Did you know the word “amphibian” means “two lives”? All amphibians start their lives in the underwater, but after they go through a series of metamorphosis stages to adulthood, most trade gills for lungs and live the rest of their lives out of the water.
Not all frogs of the Hylidae family are actually found in trees as some are completely terrestrial, but all of them share many similar taxonomical characteristics.
True toads are widespread and are native to every continent except Australia and Antarctica, inhabiting a variety of environments, from arid areas to rainforests, and most lay eggs in paired strings that hatch into tadpoles.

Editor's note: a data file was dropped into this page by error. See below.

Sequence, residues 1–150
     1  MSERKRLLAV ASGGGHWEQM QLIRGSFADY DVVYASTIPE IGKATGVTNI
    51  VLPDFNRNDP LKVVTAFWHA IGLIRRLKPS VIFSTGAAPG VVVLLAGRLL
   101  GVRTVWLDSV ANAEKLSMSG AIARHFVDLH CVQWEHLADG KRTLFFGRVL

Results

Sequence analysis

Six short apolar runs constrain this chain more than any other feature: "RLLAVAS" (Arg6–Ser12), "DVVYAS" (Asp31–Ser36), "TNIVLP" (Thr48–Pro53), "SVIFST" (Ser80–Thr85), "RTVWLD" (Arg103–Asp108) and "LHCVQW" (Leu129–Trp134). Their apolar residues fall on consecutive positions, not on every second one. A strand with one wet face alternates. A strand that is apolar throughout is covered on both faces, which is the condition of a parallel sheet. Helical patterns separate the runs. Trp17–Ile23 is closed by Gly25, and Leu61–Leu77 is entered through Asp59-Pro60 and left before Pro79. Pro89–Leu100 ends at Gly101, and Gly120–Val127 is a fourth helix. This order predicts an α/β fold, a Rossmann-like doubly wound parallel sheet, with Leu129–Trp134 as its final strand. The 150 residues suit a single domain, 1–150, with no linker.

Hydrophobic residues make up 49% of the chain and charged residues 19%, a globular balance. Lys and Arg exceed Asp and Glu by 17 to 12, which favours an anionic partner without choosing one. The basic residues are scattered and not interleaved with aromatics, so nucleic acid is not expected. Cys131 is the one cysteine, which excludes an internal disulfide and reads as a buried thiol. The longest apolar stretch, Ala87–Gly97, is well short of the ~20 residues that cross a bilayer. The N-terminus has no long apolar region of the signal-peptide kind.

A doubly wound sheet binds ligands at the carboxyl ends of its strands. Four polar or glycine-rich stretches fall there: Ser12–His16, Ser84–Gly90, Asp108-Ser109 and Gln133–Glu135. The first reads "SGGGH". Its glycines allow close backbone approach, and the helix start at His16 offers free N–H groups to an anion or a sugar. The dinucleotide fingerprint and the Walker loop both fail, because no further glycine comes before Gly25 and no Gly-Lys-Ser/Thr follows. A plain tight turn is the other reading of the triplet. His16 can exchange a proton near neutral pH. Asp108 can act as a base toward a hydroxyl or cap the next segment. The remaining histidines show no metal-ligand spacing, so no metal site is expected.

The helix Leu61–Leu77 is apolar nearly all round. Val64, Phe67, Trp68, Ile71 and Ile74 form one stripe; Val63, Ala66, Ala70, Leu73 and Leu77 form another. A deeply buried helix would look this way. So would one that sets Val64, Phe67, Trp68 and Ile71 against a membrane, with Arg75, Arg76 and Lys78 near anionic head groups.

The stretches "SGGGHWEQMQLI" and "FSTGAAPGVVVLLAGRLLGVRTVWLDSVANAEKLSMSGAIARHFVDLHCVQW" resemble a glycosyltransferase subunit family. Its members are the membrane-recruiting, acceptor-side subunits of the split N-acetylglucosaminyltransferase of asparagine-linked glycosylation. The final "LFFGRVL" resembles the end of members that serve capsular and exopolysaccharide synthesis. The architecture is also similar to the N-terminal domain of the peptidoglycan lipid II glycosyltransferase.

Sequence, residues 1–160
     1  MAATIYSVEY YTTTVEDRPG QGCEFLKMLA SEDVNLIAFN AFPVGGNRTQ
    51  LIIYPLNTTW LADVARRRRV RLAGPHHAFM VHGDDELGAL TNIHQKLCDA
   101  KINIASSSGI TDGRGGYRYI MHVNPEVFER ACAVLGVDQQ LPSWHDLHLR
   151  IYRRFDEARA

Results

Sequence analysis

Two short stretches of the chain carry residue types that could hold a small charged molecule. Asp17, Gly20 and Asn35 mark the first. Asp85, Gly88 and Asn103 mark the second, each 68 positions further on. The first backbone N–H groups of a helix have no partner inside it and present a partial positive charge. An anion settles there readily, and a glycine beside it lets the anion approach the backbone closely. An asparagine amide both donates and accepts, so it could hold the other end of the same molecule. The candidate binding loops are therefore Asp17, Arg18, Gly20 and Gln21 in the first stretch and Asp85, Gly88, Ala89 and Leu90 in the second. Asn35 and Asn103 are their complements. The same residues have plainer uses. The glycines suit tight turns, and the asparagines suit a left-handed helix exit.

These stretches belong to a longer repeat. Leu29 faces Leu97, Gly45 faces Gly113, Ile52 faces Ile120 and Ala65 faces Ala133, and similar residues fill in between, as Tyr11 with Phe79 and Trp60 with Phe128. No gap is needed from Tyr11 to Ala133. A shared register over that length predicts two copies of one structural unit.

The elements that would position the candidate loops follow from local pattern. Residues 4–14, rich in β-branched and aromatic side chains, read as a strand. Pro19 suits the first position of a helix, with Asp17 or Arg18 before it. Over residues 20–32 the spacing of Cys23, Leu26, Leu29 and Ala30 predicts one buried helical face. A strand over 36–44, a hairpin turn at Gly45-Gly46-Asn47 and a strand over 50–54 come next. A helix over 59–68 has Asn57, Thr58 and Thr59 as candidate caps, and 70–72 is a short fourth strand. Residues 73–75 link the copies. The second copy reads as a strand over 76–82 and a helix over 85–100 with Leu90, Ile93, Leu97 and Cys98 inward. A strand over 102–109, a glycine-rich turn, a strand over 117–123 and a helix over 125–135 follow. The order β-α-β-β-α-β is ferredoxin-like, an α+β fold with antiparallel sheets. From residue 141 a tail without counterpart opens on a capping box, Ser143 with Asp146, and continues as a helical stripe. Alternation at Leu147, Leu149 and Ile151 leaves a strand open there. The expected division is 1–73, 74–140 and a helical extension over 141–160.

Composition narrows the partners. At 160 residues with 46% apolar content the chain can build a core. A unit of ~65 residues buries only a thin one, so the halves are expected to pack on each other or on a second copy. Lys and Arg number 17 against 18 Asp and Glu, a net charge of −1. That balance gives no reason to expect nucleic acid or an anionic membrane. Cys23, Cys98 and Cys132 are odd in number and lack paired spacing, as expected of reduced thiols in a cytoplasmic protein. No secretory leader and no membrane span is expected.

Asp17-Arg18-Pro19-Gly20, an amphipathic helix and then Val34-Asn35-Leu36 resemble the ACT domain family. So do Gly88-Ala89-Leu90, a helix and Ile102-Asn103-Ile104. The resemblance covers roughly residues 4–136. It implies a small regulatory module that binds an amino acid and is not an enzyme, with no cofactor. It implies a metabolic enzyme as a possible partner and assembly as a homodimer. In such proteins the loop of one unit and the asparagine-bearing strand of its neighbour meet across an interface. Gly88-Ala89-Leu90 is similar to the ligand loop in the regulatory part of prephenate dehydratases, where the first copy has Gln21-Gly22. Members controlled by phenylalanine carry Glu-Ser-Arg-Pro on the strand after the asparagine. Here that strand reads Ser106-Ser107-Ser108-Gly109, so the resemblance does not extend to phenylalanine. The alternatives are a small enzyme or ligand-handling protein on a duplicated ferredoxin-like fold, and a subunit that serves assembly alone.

This group was formerly part of the family Pelobatidae. Scaphiopodids plus Pelobatids are collectively known as the Spadefoot Toads, owing to a keratinized digging spade present on each hindfoot. These toads are desert dwellers, spending considerable time underground each year until the rains arrive. At that point they rapidly move to the surface and breed explosively in temporary pools. Tadpole development is extraordinarily rapid in this group.
Members of this family are known as the true frogs. Ranids have generalized frog body plans and a generalized aquatic tadpole stage.
Salamanders are an ancient lineage of lizard-like amphibians that date back to at least 164 million years ago in the fossil record. Lucky for us, North America has the largest number of salamander species of any continent!